Astoria Characters: The Doorman Who Opens the Gate to History

At one point in the history of the history book he was writing, Richard Melnick got so fed up that he considered chucking the manuscript in the East River.

He’s still not sure why he didn’t.

Photo by Nancy A. Ruhling
Richard’s a doorman on the Upper East Side.

It’s the first book he’s ever penned solo, and he figured it would be easy because in the past, which is what he’s passionate about, he had contributed to several other history volumes.

So confident was he of the venture that he told his editor upon signing the contract that it would only take him two years to finish the book.

“Long Island City in 1776” had other ideas: That was five and a half years ago.

To understand how this all came about, you have to start with Richard’s own personal history.

Richard, a gregarious guy who has a habit of dropping historic facts and figures into every casual conversation like exclamation points, was born in Greenpoint, Brooklyn, and grew up in Carle Place, Long Island.

The youngest of four, he was sent to a foster home with two of his siblings when he was about 1.

The family’s oldest child was raised in a different foster home; Richard didn’t know of her existence until he was about 12.

“It’s a success story, not a sob story,” he says. “I had the greatest upbringing.”

Photo by Nancy A. Ruhling
Richard’s book was 5.5 years in the making.

It just so happened that Richard’s foster father was a bit of a historian and an avid traveler – he worked for Pan Am and took the family on vacations all over the country.

“He was always explaining historic events to me, and when I didn’t understand something, he told me to go to the archive – our set of encyclopedias,” Richard says.

After majoring in political science at St. John’s University, Richard wasn’t exactly sure what he wanted to do with the rest of his life.

It was his girlfriend who pushed him to decide.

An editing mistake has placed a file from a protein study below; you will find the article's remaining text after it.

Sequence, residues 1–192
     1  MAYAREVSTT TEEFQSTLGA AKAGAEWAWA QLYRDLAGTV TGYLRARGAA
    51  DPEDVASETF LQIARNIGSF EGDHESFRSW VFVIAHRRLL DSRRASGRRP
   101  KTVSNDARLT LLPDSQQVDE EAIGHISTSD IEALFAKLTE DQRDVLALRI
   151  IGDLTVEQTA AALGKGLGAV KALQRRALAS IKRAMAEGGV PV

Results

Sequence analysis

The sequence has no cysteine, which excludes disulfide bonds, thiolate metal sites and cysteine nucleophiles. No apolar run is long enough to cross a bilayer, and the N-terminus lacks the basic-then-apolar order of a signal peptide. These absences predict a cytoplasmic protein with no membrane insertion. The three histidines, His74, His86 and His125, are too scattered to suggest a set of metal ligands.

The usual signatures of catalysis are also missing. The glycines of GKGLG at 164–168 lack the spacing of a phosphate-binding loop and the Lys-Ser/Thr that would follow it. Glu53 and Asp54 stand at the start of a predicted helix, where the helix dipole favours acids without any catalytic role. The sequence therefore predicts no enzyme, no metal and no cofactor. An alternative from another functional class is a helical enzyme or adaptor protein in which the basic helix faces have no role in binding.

She wanted to get married. He wasn’t ready.

She left him; he joined the army.

“I wanted to get away from New York City,” he says. “I spent three years in West Germany. I visited 14 countries and didn’t save a dime but I had access to the riches of Europe, and I immersed myself in history.”

When his tour of duty ended, Richard came back to New York, where he has been a doorman for the same luxury building on the Upper East Side ever since.

He works the overnight shift, which allows him to read and reflect when things are slow.

“You have to embrace the night, or it will slay you,” he says.

In 1995, he moved to Astoria to be close to his job.

For many years, he was on the board of the Greater Astoria Historical Society, where he worked on half a dozen book projects.

A licensed New York City tour guide, he reveled in revealing the city’s history to visitors.

The idea for “Long Island City in 1776” was born all the way back in 2014.

“My father and I had been discussing writing a book together,” he says. “I also felt I needed to secure my specialty in the field or I would accomplish nothing.”

Richard decided to focus on the American Revolution in 1776, the year the war ramped up in New York City and Long Island, areas he says he knows “exceptionally well.”

Richard, who just turned 63, has kayaked on the East River 30 to 40 times, so he’s familiar with the difficulties it presented to British troops that were trying to navigate its troublesome, unpredictable waters.

Photo by Nancy A. Ruhling
Richard’s kayaked on the East River 30 to 40 times.

In 2017, he got the book contract with The History Press, which called for 40,000 words.

Richard couldn’t stop himself – he wrote 162,000.

In what he considers a great victory, he got the publisher up to 61,000.

He painstakingly and reluctantly edited it down.

Each cut was a stab in the heart.

Many of his choice words, however, will live again in his second volume, which will continue 1776’s narrative and cover Long Island City from 1777 to the present.

Photo by Nancy A. Ruhling
He’s already working on volume No. 2.

“I gathered so much information that it would be monumentally unwise not to write a second book,” he says, adding that “it will be dynamic because it will show the roads and places that still exist if you know where to find them.”

This time, he swears, he really will finish it in only two years.

Richard hopes that “Long Island City in 1776” will make history come alive for readers and encourage them to pursue their own history projects.

The book came out in June, and when Richard opened the first box, he cried.

“I didn’t think it was ever going to happen,” he says.

Copyright 2023 by Nancy A. Ruhling